The ALJ analysis on remand is detailed. The ALJ explains that many of the limitations Corder believes are appropriate rely on Corder's self-diagnosis of his pain, not on objective medical facts, R. 473. This court's previous decision did not hold that the minimal articulation requirement bound the Commissioner to make explicit findings as to precisely how long Corder could stand or sit during an eight-hour period. Corder, 22001 WL 477210 at *10. The passage cited by Corder merely illustrated that the original ALJ failed to consider or discuss evidence in the record suggesting Corder's ability to stand or walk is limited. Id. On remand, the ALJ assessed Corder's capacity to walk, sit, crouch and lift. R. 476. She found there was no medical evidence suggesting Corder's ability to walk, stand or sit on the job was limited in any way. Id. This expression was coupled with the ALJ's finding Corder could lift up to 20 pounds occasionally and 10 pounds frequently. R. 478.

  Neither Seventh Circuit authority nor the regulation Corder cites in support of his proposition requires the Commissioner to specifically enumerate the length of time Corder can sit, stand or walk. SSR 96-8p requires the Commissioner to "consider," not articulate Corder's residual functional capacity on a function-by-function basis. SSR 96-8p's "Narrative Discussion Requirements" instructs the Commissioner to discuss the "individual's ability to perform sustained work activities in an ordinary work setting on a regular basis," Had the ALJ found Corder's ability to sit, walk or stand was somehow compromised, exposition of Corder's particular faculties would be in order. See Embry v. Barnhart, No. 02 C 3821, 2003 WL 21704425, at * 8-9 (N.D. Ill, July 18, 2003). However, Corder's argument overlooks the obvious: the ALJ on remand did discuss Corder's ability to sit, stand and walk. She found Corder had no limitations, R, 473. This conclusion is substantially supported by the record. See R, 380-83, 722-25.*fn2 Corder's contention that the ALJ obdurately ignored this court's remand order lacks merit. 3. Corder's Mental Capacity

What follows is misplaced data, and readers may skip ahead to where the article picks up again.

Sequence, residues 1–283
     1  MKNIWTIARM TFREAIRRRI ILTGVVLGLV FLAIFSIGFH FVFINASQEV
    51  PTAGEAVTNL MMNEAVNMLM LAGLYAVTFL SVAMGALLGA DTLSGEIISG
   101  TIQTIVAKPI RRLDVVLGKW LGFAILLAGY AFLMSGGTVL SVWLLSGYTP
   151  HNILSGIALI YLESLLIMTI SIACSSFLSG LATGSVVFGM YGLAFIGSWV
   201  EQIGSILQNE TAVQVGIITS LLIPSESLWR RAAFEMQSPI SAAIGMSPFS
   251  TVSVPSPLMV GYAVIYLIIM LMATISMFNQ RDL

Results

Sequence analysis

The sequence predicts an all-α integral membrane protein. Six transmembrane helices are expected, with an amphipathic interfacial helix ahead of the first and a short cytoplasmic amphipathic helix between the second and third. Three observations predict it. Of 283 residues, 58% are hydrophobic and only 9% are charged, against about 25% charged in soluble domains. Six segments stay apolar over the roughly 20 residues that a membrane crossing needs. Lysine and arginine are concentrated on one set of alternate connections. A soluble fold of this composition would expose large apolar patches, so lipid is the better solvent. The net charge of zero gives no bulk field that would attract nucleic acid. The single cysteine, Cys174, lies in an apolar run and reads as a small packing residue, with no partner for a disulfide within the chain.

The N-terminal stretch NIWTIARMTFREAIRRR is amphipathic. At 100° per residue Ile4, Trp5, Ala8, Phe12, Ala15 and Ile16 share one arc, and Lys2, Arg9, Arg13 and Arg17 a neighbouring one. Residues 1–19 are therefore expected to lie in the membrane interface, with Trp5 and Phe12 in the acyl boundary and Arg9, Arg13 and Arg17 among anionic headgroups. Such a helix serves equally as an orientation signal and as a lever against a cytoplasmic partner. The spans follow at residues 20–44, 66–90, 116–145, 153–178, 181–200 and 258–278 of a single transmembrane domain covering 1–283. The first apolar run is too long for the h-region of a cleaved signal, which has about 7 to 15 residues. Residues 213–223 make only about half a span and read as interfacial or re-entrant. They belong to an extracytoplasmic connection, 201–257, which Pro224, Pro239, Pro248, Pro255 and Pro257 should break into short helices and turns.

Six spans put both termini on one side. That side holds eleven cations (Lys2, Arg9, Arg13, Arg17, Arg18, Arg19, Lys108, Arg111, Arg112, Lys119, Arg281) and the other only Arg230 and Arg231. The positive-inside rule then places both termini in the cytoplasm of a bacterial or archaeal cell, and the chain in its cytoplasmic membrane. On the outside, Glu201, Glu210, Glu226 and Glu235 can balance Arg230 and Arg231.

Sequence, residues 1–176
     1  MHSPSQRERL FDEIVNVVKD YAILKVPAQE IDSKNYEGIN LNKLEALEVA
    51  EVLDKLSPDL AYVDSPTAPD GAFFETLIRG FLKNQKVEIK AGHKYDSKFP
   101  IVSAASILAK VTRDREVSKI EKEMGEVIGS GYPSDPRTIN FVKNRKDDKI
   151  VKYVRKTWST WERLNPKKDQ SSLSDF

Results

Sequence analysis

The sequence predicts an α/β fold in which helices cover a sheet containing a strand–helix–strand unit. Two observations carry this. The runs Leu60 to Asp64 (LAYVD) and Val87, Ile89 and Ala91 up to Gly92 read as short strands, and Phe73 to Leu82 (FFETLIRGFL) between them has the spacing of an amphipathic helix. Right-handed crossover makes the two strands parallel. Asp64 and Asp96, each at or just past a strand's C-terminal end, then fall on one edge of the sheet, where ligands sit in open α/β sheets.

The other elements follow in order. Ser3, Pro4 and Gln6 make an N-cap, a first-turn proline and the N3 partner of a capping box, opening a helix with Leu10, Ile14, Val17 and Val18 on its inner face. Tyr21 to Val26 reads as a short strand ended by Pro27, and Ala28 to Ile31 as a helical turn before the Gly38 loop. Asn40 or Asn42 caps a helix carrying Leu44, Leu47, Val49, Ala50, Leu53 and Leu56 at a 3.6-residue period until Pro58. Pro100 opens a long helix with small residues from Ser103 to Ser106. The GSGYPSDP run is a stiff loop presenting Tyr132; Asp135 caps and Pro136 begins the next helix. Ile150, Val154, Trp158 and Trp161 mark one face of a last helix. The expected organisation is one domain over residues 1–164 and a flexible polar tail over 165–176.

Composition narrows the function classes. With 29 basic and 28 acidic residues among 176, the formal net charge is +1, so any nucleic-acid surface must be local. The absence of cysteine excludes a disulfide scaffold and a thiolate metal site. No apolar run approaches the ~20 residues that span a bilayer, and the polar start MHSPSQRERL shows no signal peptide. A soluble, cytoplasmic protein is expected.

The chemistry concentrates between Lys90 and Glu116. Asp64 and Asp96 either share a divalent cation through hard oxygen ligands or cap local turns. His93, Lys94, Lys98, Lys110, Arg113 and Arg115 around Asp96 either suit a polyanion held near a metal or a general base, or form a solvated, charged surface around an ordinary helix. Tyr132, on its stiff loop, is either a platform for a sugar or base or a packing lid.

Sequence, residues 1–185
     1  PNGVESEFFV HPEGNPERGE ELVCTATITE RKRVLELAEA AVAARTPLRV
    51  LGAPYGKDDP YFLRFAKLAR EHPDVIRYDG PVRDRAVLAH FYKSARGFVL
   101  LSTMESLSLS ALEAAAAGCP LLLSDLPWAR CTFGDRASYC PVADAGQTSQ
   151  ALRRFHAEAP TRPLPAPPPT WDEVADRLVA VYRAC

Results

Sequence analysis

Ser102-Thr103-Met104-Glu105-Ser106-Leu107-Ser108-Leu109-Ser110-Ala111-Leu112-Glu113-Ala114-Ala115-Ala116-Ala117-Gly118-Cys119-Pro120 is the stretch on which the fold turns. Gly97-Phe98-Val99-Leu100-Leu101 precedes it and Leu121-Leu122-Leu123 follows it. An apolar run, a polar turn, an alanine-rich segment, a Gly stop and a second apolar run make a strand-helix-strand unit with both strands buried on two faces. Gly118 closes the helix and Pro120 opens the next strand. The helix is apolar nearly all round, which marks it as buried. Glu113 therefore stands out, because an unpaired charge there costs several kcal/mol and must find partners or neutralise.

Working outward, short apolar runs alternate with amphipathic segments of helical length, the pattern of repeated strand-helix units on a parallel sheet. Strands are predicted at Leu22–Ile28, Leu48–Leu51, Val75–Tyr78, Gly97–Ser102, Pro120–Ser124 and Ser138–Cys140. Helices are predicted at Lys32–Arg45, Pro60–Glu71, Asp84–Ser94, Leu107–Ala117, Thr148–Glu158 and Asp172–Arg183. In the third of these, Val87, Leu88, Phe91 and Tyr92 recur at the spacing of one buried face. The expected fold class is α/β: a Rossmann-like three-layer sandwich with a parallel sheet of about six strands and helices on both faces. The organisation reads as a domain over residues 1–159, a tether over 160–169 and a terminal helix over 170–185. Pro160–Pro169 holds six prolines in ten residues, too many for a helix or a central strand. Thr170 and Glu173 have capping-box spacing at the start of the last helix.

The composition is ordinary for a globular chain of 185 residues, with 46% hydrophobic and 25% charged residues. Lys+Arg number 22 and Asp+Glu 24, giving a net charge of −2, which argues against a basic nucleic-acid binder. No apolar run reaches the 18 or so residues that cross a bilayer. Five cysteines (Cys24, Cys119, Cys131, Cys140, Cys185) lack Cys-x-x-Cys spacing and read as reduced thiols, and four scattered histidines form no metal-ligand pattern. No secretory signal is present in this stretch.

On remand, the ALJ found Corder was capable of performing a limited range of light work, provided that he was not required to understand, remember or carry out more than simple instructions. R. 478. Corder contends that the ALJ's finding he was able to carry out more than one and two-step tasks lacks support, and that the ALJ's determination Corder was able to perform all "simple tasks" — including those requiring more than two-step processes — was impermissibly based on her own medical judgment,